October 15, 2012 § 1 Comment
It is six a.m., so I’m making coffee and lunches and trying to get the boys out of bed. Jeff is helping—it takes both of us to get the kids and their gear to the buses, so that we can have a little time to get ourselves ready. We wake up to music on the alarm clock, but once in the kitchen, Jeff puts on the news. “Can you turn that off?” I say.
“I’m listening to it,” Jeff says.
I used to love this. I am a self -professed NPR junkie. Before Cole was two, he said something in the back seat of the car while I was driving. “What did you say?” I asked. “Ima Tayla,” he said. “What?” Then, on the radio, the reporter said, “for NPR, I’m Ann Taylor. “ It was that bad. I can’t listen to the news in the morning now, though. It has to wait until the afternoon, until I can steady myself.
Now, I need music. My mother’s funeral was March 4, 2011. The Tsunami in Japan was March 11, 2011. I could not bear to listen to the news coverage. It kept coming. I had my own waves of sadness. There is not a lot of good news out there. It’s not that I didn’t care; it’s that I didn’t have any more room for grief.
My car died that winter too. My new car has a good stereo, and I made it through spring by avoiding the news. A human being can get saturated with loss.
When I was pregnant, I would cry with the news, detergent commercials, anything. I borrowed every emotion that brushed past me. Now, I protected myself. My car became a bubble, filled with loud, loud music on the way to work, especially. I’d listen to anything, but the Pixies usually felt best—loud, screaming, but still melodic. Thank you, Frank Black. Some days, though, I needed Paul Simon, his wistful sincerity. There are not five stages of grief, by the way. The stages overlap, and so do the genres of music a person needs.
As they say in the mountains, tuka-tuka stop stop on the violin notwithstanding, all I can play is the radio, but I need that other part of my brain, whichever side it is, to seal off the incoming, to let the music shake my body from the outside in.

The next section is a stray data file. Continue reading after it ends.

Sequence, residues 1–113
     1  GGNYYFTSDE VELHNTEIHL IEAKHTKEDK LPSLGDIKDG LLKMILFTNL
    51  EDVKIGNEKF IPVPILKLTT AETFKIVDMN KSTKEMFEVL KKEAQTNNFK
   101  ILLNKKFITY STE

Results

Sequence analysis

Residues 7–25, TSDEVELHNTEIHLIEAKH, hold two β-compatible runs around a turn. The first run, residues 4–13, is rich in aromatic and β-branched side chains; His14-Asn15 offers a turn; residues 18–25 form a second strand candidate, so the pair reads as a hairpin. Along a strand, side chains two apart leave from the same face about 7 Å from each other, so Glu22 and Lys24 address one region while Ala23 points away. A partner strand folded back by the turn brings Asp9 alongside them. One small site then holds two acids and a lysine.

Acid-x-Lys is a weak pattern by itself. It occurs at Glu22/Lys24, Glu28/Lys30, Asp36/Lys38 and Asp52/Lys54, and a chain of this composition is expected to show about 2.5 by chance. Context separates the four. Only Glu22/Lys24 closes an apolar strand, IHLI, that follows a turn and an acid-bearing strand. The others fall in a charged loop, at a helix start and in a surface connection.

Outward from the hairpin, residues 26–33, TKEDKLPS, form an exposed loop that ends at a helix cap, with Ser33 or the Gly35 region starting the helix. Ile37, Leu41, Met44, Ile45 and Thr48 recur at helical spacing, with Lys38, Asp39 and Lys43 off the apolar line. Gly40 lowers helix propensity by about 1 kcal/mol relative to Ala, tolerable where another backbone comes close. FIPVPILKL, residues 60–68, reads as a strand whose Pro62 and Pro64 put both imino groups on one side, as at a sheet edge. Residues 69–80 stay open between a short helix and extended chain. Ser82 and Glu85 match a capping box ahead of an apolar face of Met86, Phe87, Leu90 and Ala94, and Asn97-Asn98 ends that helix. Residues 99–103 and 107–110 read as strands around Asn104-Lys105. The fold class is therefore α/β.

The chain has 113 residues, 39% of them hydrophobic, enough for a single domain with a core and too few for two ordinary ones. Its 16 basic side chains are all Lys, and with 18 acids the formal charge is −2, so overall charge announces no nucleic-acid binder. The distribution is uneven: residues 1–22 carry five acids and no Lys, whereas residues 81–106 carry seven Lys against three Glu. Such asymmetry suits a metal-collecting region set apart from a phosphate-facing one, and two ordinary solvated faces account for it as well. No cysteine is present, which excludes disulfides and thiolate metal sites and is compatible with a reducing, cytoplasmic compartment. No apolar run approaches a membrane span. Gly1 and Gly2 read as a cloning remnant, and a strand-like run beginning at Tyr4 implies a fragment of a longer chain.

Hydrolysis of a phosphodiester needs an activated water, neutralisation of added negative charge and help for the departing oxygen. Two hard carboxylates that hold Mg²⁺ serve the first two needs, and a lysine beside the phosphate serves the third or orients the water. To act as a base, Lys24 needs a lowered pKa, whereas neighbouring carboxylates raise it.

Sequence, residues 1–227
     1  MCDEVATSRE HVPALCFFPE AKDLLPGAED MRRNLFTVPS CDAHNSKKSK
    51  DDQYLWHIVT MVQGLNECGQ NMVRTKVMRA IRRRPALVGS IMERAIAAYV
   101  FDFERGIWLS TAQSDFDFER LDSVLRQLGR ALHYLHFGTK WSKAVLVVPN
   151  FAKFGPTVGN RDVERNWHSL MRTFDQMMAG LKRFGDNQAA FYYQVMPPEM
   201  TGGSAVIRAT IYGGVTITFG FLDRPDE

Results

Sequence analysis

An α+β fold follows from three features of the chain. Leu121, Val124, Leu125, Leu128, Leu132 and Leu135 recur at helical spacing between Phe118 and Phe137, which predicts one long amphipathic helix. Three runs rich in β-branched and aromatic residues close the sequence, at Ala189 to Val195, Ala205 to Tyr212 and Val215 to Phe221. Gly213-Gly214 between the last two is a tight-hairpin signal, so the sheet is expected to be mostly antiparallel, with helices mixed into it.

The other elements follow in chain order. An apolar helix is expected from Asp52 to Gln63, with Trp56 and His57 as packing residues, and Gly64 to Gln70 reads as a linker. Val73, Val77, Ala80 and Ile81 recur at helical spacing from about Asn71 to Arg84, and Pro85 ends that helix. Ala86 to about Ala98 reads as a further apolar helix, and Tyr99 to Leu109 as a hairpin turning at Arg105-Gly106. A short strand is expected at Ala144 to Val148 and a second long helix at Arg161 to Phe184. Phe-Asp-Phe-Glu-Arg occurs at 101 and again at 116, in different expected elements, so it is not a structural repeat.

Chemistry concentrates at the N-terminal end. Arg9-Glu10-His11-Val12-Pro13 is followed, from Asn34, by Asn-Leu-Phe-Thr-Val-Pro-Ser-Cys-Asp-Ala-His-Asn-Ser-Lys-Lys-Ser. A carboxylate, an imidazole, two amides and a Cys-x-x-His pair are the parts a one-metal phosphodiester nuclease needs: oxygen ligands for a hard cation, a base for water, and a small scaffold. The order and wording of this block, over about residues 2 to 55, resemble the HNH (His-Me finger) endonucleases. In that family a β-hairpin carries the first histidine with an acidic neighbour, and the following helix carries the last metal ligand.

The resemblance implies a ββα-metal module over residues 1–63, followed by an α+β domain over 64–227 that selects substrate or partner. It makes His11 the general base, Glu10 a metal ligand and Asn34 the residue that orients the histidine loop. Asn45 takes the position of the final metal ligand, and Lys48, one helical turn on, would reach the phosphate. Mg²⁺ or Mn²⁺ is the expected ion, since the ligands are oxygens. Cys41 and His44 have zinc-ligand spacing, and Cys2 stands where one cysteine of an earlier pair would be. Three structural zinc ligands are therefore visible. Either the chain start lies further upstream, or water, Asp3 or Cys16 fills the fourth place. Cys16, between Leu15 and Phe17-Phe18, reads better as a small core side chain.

October 7, 2012 § 5 Comments
I have dragged myself to an obligatory college fair, and I sit next to my department chair, so she won’t miss the fact that I am there. “You look really tired,” she says. I nod. I have no idea what to say to that. She knows my workload, but no one wants to hear about how tired you are, even if it’s true. Even if you feel like gravity has an intern, assigned to pulling your insides down, down, to any flat surface, so you will recline and sleep. It’s like the annoying people who insist on telling you how busy they are. Isn’t everyone busy? Isn’t everyone dreaming of more sleep, less work, more time to do whatever it is they really want to do? Maybe I am, as they say in Kentucky, “trying to get sick.”
I go to bed early, but I am still dragging the next day, helping a student in my office, when he starts to chuckle to himself. “What?” I say. My look should tell him exactly how I feel about his snickering. “You just seem so tired,” he says. Hilarious, I think. “Your paper looks fine,” I say. Fine enough for someone who smirks, I think.
Were I a man, at this point, I would probably go home and go to sleep. I might get a beer first, just to make sure I was relaxed enough to sleep until morning. But I’m a woman, so instead, I go to the drugstore, to the beauty aisle. It’s not the being tired—I’ve accepted that as a condition of my adult existence—I just don’t want anyone to say I look tired; that is code for telling me I look old and haggard.
For about twenty dollars, you can get a cream you truly believe might “lift and rejuvenate!” Some even use caffeine to do this. I believe in the powers of caffeine to cure anything, so they’ve got me. I weigh the cost-benefit ratio of each of these crèmes, guaranteed to make me look younger, beautiful, decidedly not tired. I do not dare to hope for perky in any department. If I am honest with myself, I am, as Gillian Welch says, “A girl with a dark turned mind.” So, I will just try to lift my face, not my spirits. I “Say Yes to Cucumbers!” That’s the name of the product. I shit you not. At home, I carefully dot the clear, cool gel under my eyes, “careful not to tug the delicate under-eye skin.” The packaging knows best, after all. It seems like I look better.
Mom, “why do you have those?” Jack Henry asks, as I’m making dinner.
“Those Reader Bags?”
“What’s a Reader Bag?”
“You know, those dark circles under your eyes.”
Say no to Cucumbers. I think .“I guess because I read a lot,” I say.
Funny, now that they’re Reader Bags, I don’t feel so ugly and worn. I feel like I’ve got proof of some accomplishment. Maybe I can bottle this. After I sleep.